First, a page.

Can the Partners of Childhood Trauma Survivors Experience Vicarious Trauma?

Can the partners of childhood trauma survivors experience vicarious trauma? Heather Tuba @heathertuba vicarious trauma

Can the Partners of Childhood Trauma Survivors Experience Vicarious Trauma?

You would think the answer is obvious: “Yes,” and “Of course.” But a search for the term in conjunction with partners/ families and trauma shows few results.

In fact, most books, blog posts, and articles reference vicarious traumatization and related terms in relation to paid helping professions, especially when it comes to trauma.

What is vicarious traumatization?

First of all, vicarious means:

Experienced or realized through imaginative or sympathetic participation in the experience of another.

~ Merriam-Webster

Vicarious traumatization means the following: (I like Babette Rothschild’s definition. Remember, it is written for therapists.)

Even when a therapist was not actually involved in the client’s trauma, she can still vicariously experience it in her nervous system. The result is similar to feeling vicarious excitement while watching someone on a roller-coaster on television, or hearing a breathless detailed description of a horseback ride.

~ Babette Rothschild. Help for the Helper: Self-Care Strategies for Managing Burnout and Stress

Several months ago, I  became aware of my own concerning physical and mental symptoms:

  • Hand tremors
  • Increasing back pain
  • Mental Fog
  • Irritability
  • Anxiety
  • Over-reactivity

Add to that, these thoughts:

  • My nerves are shot
  • I feel like like I am hanging on by a thread

Although at the time, I was meeting with a therapist where I talked about my situation as partner to a survivor,  I felt no release of physical anxiety. Instead, the anxiety increased and soon included other physical and mental symptoms. The only calming activity was my regular four times per week running routine. My running brought clarity to my thoughts and peace to my body. I physically and emotionally felt a release, which enabled me to keep working and managing our home. Recognizing the consistent benefits of this ‘release’ prompted me to consider the impact of my survivor-partner’s nervous system on my body, my mental health, and my nervous system.

Was my nervous system impacted by living with a survivor and exposure to his traumatic responses? Yes.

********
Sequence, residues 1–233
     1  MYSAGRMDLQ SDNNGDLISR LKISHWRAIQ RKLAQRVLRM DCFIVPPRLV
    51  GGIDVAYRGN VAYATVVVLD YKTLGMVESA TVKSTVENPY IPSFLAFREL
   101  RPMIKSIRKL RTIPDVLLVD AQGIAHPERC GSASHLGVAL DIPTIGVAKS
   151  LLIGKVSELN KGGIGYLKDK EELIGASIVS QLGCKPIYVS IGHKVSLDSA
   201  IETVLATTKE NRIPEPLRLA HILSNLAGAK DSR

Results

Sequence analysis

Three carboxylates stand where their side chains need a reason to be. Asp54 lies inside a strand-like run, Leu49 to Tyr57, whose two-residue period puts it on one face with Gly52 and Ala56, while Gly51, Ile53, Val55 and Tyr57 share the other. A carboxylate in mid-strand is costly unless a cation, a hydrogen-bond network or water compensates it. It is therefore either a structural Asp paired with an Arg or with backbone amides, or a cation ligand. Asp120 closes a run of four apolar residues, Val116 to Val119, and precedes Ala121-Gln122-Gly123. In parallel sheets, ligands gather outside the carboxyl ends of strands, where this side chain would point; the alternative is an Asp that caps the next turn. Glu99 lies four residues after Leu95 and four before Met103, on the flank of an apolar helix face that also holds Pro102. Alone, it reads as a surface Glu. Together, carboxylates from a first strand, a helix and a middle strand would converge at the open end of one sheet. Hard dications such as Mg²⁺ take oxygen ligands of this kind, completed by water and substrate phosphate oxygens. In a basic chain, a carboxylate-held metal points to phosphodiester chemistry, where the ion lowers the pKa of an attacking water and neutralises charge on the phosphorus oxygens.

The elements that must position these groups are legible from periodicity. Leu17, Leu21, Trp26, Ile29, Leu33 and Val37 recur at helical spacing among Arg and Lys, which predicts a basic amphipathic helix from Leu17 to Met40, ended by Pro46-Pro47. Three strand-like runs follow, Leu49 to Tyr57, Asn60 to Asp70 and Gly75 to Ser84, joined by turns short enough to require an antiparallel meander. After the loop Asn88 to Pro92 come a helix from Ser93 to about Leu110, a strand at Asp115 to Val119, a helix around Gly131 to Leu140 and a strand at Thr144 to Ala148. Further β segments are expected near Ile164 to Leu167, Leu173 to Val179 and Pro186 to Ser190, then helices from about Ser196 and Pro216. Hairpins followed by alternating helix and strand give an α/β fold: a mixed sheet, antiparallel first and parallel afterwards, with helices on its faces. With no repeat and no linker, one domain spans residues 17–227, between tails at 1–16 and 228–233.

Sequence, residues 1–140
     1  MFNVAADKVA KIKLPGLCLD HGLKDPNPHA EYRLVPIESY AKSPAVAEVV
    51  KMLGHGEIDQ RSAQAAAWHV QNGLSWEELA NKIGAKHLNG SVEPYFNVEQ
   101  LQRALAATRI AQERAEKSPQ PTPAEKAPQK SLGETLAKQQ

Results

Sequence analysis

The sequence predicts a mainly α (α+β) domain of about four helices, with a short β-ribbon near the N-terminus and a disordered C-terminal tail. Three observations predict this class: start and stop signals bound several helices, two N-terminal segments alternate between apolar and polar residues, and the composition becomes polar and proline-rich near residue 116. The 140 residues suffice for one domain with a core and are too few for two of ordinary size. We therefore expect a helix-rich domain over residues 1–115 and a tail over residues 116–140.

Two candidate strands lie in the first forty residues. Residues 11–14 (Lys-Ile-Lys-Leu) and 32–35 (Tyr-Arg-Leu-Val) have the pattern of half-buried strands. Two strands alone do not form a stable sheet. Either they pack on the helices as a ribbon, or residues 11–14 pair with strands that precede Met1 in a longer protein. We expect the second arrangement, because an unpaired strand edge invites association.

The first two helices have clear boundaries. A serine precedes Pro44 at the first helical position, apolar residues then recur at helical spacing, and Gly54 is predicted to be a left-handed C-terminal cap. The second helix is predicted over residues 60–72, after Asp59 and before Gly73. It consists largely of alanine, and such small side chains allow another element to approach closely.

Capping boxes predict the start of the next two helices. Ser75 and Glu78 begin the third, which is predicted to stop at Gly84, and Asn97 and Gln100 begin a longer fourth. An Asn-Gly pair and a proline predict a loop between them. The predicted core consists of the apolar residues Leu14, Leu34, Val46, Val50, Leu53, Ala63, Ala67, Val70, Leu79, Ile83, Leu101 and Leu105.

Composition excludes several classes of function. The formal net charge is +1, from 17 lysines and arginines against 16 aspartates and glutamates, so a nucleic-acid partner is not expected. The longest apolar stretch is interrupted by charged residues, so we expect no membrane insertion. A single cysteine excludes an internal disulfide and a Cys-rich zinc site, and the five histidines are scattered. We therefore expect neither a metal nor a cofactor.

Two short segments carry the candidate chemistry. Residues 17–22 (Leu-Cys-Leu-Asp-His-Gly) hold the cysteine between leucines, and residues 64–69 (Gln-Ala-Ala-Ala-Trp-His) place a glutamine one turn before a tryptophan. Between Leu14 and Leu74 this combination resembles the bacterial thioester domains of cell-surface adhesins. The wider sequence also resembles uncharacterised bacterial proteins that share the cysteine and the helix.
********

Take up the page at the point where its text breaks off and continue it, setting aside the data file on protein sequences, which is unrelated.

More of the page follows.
Was I experiencing vicarious traumatization? Absolutely.

Why Partners of Childhood Trauma Survivors Experience Vicarious Trauma?

Here are a few definitions to explain why:

  1. Empathy: The ability to share the feelings and experiences of another.
  2. Emotional Contagion: This means experiencing the feelings of the sufferer as a result of exposure to the sufferer.
  3. Empathic Ability: The motivation to act to provide help.
  4. The sensory pathways of the nervous system communicate empathy through sight, sound, hearing, taste. Even imagining a story or conversation lights up these pathways.
  5. Mirror neurons evoke imitation and feeling of another’s movements, gestures, postures, and facial expressions.
  6. Somatic empathy, described in detail by Babette Rothschild, is the physical experience/feeling of another.

While only a brief overview, these definitions provide insight as to why partners (and other family members) may develop physical, mental, and psychological symptoms similar to those of a survivor. Empathy is part of being in a family. It makes sense that the suffering of a family member would light up these empathetic pathways. However, in an environment of chronic exposure to a survivor’s distress without the opportunity to learn skills to self-regulate or access to supports that allow family members to take breaks, partners and family members suffer too.

Vicarious traumatization is a real and under-recognized issue for partners of survivors. In addition to awareness, there need to be:

  • Greater family and partner supports including individual support groups for partners and adult children of survivors.
  • Increased training opportunities for trauma-informed professionals to learn about the familial impact of living with a survivor.
  • A greater number of trauma-informed practitioners who teach nervous system regulation.

Resources:

Burnout in Families: The Systemic Costs of CaringCharles R. Figley, Phd, editor.

Help for the Helper: Self-Care Strategies for Managing Burnout and Stress. Babette Rothschild.

How ‘vicarious trauma’ is passed down from parent to child in military families. CBC News.

Support Group for Partners to Survivors with Complex Trauma. A closed Facebook group facilitated by me.

 

 

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